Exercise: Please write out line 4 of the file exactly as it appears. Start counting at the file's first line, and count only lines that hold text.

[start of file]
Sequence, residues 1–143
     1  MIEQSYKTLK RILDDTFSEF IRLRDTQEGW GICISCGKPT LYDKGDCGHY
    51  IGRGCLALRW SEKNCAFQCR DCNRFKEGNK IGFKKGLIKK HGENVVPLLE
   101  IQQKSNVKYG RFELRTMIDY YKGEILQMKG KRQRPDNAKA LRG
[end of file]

   101  IQQKSNVKYG RFELRTMIDY YKGEILQMKG KRQRPDNAKA LRG